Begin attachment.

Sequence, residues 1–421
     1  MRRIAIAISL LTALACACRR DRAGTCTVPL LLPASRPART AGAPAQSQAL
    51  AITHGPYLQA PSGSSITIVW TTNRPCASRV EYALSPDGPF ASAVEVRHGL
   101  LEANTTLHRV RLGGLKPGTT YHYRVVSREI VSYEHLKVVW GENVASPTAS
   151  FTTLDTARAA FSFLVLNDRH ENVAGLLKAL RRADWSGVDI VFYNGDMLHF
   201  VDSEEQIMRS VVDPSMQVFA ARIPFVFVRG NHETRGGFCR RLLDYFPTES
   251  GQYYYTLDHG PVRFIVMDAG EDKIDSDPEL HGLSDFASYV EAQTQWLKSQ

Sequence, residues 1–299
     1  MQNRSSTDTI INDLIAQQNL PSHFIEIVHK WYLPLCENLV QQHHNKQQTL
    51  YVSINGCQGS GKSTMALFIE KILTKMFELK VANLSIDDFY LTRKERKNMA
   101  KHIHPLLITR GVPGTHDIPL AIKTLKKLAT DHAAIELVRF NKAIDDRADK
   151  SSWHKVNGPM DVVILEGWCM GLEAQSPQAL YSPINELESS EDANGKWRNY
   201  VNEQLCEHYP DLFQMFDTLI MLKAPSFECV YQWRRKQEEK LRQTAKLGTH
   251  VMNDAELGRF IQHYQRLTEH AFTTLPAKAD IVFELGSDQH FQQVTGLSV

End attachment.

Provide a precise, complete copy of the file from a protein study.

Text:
Sequence, residues 1–421
     1  MRRIAIAISL LTALACACRR DRAGTCTVPL LLPASRPART AGAPAQSQAL
    51  AITHGPYLQA PSGSSITIVW TTNRPCASRV EYALSPDGPF ASAVEVRHGL
   101  LEANTTLHRV RLGGLKPGTT YHYRVVSREI VSYEHLKVVW GENVASPTAS
   151  FTTLDTARAA FSFLVLNDRH ENVAGLLKAL RRADWSGVDI VFYNGDMLHF
   201  VDSEEQIMRS VVDPSMQVFA ARIPFVFVRG NHETRGGFCR RLLDYFPTES
   251  GQYYYTLDHG PVRFIVMDAG EDKIDSDPEL HGLSDFASYV EAQTQWLKSQ

Sequence, residues 1–299
     1  MQNRSSTDTI INDLIAQQNL PSHFIEIVHK WYLPLCENLV QQHHNKQQTL
    51  YVSINGCQGS GKSTMALFIE KILTKMFELK VANLSIDDFY LTRKERKNMA
   101  KHIHPLLITR GVPGTHDIPL AIKTLKKLAT DHAAIELVRF NKAIDDRADK
   151  SSWHKVNGPM DVVILEGWCM GLEAQSPQAL YSPINELESS EDANGKWRNY
   201  VNEQLCEHYP DLFQMFDTLI MLKAPSFECV YQWRRKQEEK LRQTAKLGTH
   251  VMNDAELGRF IQHYQRLTEH AFTTLPAKAD IVFELGSDQH FQQVTGLSV